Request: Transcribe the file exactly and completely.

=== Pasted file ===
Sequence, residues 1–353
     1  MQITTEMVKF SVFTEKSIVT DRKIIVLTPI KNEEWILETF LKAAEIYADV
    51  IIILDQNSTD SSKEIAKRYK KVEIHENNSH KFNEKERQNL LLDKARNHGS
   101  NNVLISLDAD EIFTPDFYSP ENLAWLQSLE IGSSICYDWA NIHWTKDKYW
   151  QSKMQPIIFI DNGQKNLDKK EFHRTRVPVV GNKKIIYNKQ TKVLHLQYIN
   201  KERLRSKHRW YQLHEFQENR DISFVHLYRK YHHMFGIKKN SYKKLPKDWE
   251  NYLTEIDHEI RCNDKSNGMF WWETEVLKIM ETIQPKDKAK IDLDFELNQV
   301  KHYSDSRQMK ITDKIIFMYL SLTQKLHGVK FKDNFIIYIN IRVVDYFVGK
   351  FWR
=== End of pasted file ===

Sequence, residues 1–353
     1  MQITTEMVKF SVFTEKSIVT DRKIIVLTPI KNEEWILETF LKAAEIYADV
    51  IIILDQNSTD SSKEIAKRYK KVEIHENNSH KFNEKERQNL LLDKARNHGS
   101  NNVLISLDAD EIFTPDFYSP ENLAWLQSLE IGSSICYDWA NIHWTKDKYW
   151  QSKMQPIIFI DNGQKNLDKK EFHRTRVPVV GNKKIIYNKQ TKVLHLQYIN
   201  KERLRSKHRW YQLHEFQENR DISFVHLYRK YHHMFGIKKN SYKKLPKDWE
   251  NYLTEIDHEI RCNDKSNGMF WWETEVLKIM ETIQPKDKAK IDLDFELNQV
   301  KHYSDSRQMK ITDKIIFMYL SLTQKLHGVK FKDNFIIYIN IRVVDYFVGK
   351  FWR